The Wisconsin business of which we shall not speak. | WisCommunity

The Wisconsin business of which we shall not speak.

Earlier this year my 96-year-old mother was hospitalized and the nurse was quizzing me about her medical history. When I was unable to answer one of her questions she went to the computer screen and tapped a few keys. "Well, " she said, "according to Epic...".

According to Epic. She didn't say according to our records, or according to the computer, but according to Epic.

The Verona-based software firm founded by Judith Faulkner is becoming the industry standard for health care providers. Epic dominates the market and is expanding overseas.

They have about 6,000 employees on their Verona campus and recently announced they will be hiring 500 more in the next few months. It is a privately-held corporation but recent estimates put its sales at $1.5 billion-plus a year, making it one of the largest corporations in Wisconsin. Verona is now Wisconsin's Silicon Valley.

So if you were Wisconsin's governor wouldn't you be singing the praises of this company and what it has done for your state?

Not Scott Walker. I did a Google search using the terms Epic and Walker and didn't turn up any mentions. He would only have to drive about 8 miles to pay them a visit. Maybe too busy.

There are reasons for this silence. First, Faulkner donates money to Democratic candidates and supported Tom Barrett in the recall. So there is that. But that is not the only reason. The entire story of Epic and its success is the antithesis of the Republican narrative of business success and even admitting its existence would expose anti-matter to all things Republican.

Faulkner came to Wisconsin not to start a software firm but to get her Master's in computer science at UW-Madison. She stayed, working with some fellow grads, and put her skills to use in some local projects standardizing record-keeping. The rest is history as they say.

So what do we have so far? Entrepreneur moves to area, lured not by some slogan but by our excellent education system.

Starts up business, didn't ask for a loan from a state slush fund, didn't complain about her taxes or ask for relaxation of regulations. Didn't require tearing a hole in the planet.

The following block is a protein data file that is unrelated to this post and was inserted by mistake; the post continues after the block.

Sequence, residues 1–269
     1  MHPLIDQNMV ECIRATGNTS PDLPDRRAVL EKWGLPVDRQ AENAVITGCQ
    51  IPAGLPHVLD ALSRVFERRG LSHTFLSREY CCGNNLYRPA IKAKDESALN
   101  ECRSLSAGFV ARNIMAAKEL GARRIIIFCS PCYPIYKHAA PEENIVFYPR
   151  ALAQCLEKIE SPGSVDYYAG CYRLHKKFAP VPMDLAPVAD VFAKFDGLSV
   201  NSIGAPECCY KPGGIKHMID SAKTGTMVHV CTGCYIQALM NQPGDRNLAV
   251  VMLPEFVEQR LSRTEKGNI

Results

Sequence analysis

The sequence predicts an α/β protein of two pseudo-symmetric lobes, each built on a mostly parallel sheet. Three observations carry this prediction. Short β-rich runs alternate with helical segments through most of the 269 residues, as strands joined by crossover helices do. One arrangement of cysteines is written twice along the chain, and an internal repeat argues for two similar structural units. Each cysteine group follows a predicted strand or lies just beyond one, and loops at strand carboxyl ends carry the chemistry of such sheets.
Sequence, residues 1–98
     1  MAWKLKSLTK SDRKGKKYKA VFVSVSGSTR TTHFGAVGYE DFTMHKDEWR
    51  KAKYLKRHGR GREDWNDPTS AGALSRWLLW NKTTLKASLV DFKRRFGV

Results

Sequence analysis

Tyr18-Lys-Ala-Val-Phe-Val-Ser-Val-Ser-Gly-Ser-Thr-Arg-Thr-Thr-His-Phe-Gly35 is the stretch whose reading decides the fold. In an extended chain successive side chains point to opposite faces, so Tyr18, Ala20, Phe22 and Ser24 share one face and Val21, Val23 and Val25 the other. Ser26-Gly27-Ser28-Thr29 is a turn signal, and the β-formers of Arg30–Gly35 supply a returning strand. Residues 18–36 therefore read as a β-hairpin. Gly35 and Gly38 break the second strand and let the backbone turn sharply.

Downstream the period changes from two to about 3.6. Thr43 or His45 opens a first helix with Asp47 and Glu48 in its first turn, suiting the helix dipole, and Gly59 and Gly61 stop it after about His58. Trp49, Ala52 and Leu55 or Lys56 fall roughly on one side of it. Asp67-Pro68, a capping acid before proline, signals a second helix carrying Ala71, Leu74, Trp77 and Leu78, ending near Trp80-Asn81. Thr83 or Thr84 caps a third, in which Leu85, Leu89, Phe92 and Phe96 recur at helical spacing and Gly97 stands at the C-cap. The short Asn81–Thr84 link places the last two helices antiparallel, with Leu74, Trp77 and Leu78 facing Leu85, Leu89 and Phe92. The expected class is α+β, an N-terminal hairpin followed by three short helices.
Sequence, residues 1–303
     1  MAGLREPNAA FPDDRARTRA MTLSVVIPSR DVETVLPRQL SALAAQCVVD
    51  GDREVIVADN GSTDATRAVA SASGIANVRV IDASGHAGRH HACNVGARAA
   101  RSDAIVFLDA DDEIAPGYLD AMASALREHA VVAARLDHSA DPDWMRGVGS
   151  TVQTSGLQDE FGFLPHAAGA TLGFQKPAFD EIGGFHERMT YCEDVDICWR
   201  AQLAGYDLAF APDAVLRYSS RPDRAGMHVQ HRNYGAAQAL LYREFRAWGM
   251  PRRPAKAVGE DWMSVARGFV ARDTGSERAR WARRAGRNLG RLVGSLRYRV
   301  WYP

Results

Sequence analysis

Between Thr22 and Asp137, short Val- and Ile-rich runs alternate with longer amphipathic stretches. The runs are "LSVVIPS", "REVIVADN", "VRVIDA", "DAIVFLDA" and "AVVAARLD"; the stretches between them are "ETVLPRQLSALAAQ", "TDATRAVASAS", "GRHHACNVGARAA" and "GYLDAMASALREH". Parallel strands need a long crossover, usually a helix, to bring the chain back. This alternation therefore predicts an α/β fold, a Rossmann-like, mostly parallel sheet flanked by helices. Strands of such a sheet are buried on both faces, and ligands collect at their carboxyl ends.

But if that is not enough Epic compensates its employees very well. All the usual array of benefits, a lunch room offering delicious offerings supervised by an accomplished chef. And then there is the sabbatical. Every five years employees are allowed a paid sabbatical and encouraged to travel. Oh, I failed to mention Epic will pay the expenses for you and a partner.

Epic values its employees and understands that taking care of the workforce aids retention and is good for business.This of course flies in the face of the current narrative which claims unions and high wages stifle businesses and government. And don't get me started on the minimum wage.

But it gets worse. Epic is in the healthcare business and certainly has benefitted from the ACA and its companion legislation subsidizing computerized record-keeping. Even if Walker could let bygones be bygones on Faulkner's politics, admitting that Wisconsin is a leader in the hated healthcare industry would be too much to swallow. That would bring up the subject of the Medicaid expansion. Too painful.

There are some teachable moments here which will have to wait for a more progressive governor.

Education and an educated workforce are critical to a healthy economy. Walker cut $1.1 billion from the state's education budget. Businesses are organic and homegrown and don't need to "bribe" their way to success with political donations.

But there is one upside for Walker. Epic's hiring of workers is calculated into his jobs numbers. He can take credit for that.


September 25, 2014 - 9:14am